2008 June 6: My first venture across the Atlantic

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2008-June-6 What a time. Drift off to sleep somewhere over Maine and wake up approaching the UK. Remarkable. I've had dinner and just finished breakfast. Tasty, too. I didn't know anyone still did meal service. I suppose it's enticingly profitable to fill up even 200 seats on a Boeing 777 which nets $100,000. In the 8 hours aloft we'll burn probably 80,000 pounds or about 12,000 gallons of gas.

The strange glow to my right is sunshine starting up at 1AM Chicago time. Lord willing I'll be flying a paramotor by Paul (Bailey, that is) by this afternoon. Lord willing my unwinding body clock won't affect my flight performance.

If all goes by plan, I'll be renting the car then meeting Phil and Natasha. Phil had the great idea to use a common frequency on the radio so we don't have to rely on cell phones at $1.29 per minute. We're glad to have those phones, of course, but won't be chatting excessively at those rates. Now lets see how I handle driving on the other side of the road in London. I'm thinking that spot landing a paramotor will seem like child's play. It'll be interesting.

2008-June-7 What a treat. Paul and Dawn Bailey are wonderful hosts and showed us a rousing great first day in England. No time for details since we're to go for a morning flight. Three Bailey 4-strokes propelled us nicely about the countryside and I tried out the Ozone Viper for the first time. Also got a flight in Paul's Thruster, a well-behaved 3-axis ultralight that he hauls his paramotor in. Cool setup he's got here.

Yesterday was also my first meeting of Natasha, a sweetheart of a lady who is tolerating, and certainly complementing, Phil Russman.

We had the real English experience and adventure yesterday just with driving on the left side of the road. Here's to hoping we survive another couple days of THAT!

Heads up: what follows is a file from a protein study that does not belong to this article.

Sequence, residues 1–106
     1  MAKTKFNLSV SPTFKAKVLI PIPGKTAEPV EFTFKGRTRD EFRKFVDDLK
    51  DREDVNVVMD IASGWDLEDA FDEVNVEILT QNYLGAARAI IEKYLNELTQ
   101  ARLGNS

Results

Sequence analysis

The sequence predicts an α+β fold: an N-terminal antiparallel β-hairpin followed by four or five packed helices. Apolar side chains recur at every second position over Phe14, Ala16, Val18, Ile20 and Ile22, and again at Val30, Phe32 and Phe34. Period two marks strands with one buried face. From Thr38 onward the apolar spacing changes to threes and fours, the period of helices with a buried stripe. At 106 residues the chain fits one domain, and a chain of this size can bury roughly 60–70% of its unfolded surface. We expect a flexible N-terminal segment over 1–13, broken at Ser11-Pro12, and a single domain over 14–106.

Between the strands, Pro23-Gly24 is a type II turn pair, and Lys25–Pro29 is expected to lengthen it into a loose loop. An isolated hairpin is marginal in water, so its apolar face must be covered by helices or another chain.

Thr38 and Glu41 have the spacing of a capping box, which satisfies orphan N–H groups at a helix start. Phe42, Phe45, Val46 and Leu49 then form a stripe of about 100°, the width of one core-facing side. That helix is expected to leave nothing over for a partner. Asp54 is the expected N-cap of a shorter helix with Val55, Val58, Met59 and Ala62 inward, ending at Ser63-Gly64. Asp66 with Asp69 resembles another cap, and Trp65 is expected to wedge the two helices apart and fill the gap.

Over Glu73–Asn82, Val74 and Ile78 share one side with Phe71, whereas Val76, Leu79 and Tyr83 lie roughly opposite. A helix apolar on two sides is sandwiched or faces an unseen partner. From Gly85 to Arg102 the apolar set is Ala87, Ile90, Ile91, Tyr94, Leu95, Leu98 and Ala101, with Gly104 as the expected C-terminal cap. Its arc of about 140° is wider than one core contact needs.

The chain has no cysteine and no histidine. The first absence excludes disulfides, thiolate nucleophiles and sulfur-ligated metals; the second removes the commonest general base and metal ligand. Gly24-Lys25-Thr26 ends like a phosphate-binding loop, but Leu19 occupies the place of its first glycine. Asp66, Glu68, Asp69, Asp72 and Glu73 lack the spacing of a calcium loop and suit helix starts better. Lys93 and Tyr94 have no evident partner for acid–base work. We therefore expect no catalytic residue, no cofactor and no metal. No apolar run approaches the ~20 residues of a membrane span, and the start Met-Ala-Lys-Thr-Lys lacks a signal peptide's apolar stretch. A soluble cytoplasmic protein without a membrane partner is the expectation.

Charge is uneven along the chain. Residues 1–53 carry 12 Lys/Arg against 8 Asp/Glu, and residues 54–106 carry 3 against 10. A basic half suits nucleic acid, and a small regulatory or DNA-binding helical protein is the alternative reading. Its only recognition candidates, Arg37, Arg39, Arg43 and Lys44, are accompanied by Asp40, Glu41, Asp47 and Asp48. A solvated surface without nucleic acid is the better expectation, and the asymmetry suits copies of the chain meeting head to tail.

Row One: 1) Paul Bailey behind me. 2) Natasha & Dawn. 3) Natasha flies by with Paul. 4) Up close and personal.

Row Two: 1) Paul shows off a header tank used in competition. These pilots love to compete and the drive to reliable efficiency has netted many improvements to his four stroke design. 2) Paul above, Phil Russman below.

2008-June-8 What a whirlwind. There's so much to do, so much to learn, and what a hoot is the process. Paul Bailey and his wife, Dawn, are amazing hosts. I'll need a bigger motor, though, if I keep up eating like this.

Today I spent some time in the home shop of Paul's where he works on machines that either need service or final assembly. The factory is about 20 miles away but some of the work gets done here, too.

Paul has been busy.

He showed the many machined parts that go into his 175cc motor and the improvements he's made over just a few years. Interesting and impressive. Thank God people like that are making motors so the mortals like me can fly them.

ParamotorsUK (updated 2008 June 18)

This afternoon, Paul flew me over to spend the afternoon at ParamotorsUK where Geoff Soden had invited us to visit. What a treat. There's a lot going on in this sport and it was cool seeing some of it coming together here. Competition will spur some and pilots wanting better stuff will do the rest. Creative people like those I met here and other will make it happen.

I got to meet both Noel Whitall, author of "Paramotoring from the Ground Up" and Mike Byrne, the first paramotorist. He first flew a paramotor of his own making in 1980 and this just happened to be the 28th anniversary of his Konig powered flight.

Many other great folks had gathered including an English national runner-up pilot, Mike "Chilly." Ray McMahan let my fly his Bailey 150 and Mike let me try his Dudek Plasma. Man do I like that ride! This is the first reflex wing I've really liked, in fact. Not that the others are bad, they're great for their mission, but this also has superb handling, including the tip steering which was surprisingly responsive and light. When Phil and Natasha showed up to pick me up, he gave it a go, as well. Then Mike brought out his small. Now that's the ticket. If I were to buy a reflex wing today it would be one of the Plasmas.